Publication date:

04 October 2016

Length of book:

362 pages

Publisher

Lexington Books

ISBN-13: 9781498530958

Worldwide environmental crisis has become increasingly visible over the last few decades as the full scope of anthropogenic climate change manifests itself and large-scale natural resource extraction has expanded into formerly remote areas that seemed beyond the reach of industrialization. Scientists and popular culture alike have turned to the term "Anthropocene" to capture the global scale of environmental and even geological transformations that humans have carried out over the last two centuries. The chapters in Ecological Crisis and Cultural Representation in Latin America examine the dynamics and interplay between local cultures and the expansion of global capitalism in Latin America, emphasizing the role of art in bearing witness to and generating awareness of environmental and social crises, but also its possibilities for formulating solutions. They take particular care to draw out the ways in which local environmental crises in Latin American nations are witnessed and imagined as part of a global system, focusing on the problems of time, scale, and complexity as key terms in conceiving the dimensions of crisis. At the same time, they question the notion of the Anthropocene as a species-wide "human" historical project, making visible the coloniality of natural resource extraction in Latin America and its dire effects for local people, cultures, and environments.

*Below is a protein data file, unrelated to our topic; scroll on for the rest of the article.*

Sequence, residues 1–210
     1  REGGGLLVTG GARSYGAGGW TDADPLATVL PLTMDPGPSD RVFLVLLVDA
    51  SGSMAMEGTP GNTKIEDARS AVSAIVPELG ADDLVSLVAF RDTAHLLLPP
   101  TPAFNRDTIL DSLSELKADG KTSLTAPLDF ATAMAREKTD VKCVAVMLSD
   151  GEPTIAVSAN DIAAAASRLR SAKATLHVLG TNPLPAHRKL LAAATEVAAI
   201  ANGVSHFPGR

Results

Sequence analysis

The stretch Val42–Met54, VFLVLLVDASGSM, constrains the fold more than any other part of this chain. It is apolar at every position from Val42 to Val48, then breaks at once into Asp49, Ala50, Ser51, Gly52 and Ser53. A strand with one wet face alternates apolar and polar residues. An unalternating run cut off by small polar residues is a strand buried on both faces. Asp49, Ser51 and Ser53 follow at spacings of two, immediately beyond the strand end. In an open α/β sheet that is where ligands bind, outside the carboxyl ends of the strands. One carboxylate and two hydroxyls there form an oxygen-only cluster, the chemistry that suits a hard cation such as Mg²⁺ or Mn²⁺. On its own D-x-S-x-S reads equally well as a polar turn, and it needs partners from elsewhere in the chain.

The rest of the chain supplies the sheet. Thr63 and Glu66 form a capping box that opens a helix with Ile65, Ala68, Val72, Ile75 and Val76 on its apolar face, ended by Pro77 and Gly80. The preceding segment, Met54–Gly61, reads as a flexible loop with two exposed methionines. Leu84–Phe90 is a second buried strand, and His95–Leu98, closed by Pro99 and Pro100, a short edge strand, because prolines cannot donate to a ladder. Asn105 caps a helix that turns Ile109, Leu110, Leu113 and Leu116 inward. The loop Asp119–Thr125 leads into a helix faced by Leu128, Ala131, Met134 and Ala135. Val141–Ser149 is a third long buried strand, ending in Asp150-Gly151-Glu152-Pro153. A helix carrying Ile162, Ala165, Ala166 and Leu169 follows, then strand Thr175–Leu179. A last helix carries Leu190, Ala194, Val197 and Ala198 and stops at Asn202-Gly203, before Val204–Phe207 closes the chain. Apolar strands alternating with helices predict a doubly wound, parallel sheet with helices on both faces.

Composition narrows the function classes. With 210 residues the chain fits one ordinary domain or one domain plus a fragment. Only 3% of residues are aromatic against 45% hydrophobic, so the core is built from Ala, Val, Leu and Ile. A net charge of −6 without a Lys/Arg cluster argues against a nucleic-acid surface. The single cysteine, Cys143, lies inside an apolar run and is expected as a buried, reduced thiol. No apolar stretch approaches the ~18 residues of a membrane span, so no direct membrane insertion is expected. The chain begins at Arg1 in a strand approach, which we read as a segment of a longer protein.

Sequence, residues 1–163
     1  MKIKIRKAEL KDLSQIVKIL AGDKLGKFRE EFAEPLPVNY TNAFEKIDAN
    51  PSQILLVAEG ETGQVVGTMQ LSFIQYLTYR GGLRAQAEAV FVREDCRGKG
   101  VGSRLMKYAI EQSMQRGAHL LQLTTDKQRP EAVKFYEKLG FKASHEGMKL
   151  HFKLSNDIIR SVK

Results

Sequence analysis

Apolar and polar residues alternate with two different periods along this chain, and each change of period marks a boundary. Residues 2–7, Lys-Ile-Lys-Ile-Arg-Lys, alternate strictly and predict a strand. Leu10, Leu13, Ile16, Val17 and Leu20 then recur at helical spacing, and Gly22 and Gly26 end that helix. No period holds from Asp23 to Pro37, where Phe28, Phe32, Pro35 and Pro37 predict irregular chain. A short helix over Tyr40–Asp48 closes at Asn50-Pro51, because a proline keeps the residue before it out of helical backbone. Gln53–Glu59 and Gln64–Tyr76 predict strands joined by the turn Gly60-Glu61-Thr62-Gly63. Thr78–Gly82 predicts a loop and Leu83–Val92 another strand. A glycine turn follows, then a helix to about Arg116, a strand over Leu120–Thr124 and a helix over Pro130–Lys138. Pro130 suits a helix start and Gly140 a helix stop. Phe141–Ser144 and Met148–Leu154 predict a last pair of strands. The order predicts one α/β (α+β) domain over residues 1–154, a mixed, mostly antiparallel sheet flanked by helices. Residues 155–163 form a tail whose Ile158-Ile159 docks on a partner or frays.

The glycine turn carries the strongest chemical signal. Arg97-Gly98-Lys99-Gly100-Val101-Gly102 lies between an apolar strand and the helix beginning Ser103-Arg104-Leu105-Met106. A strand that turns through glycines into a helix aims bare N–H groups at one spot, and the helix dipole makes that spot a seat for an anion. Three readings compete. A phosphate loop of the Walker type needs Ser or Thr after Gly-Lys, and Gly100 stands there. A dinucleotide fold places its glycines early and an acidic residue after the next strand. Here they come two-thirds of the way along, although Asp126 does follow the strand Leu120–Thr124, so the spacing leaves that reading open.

Taking an ecocritical approach to Latin American cultural production including literature, film, performance, and digital artwork, the chapters in this volume develop a notion of ecological crisis that captures not only its documentary sense in the representation of environmental destruction (the degradation of the oikos), but also the crisis in the modern worldview (logos) that the acknowledgment of crisis provokes. In this sense, crisis is also the promise of a turning point, of the possibilities for change. Latin American representations of ecological crisis thus create the conditions for projects that decolonize environments, developing new, sustainable ways of conceiving of and relating to our world or returning to old ones.
The editors deserve to be commended for producing this excellent contribution to the field of ecocriticism. Readers of this book will find themselves learning about diverse regional environmental approaches to the common ecological crisis.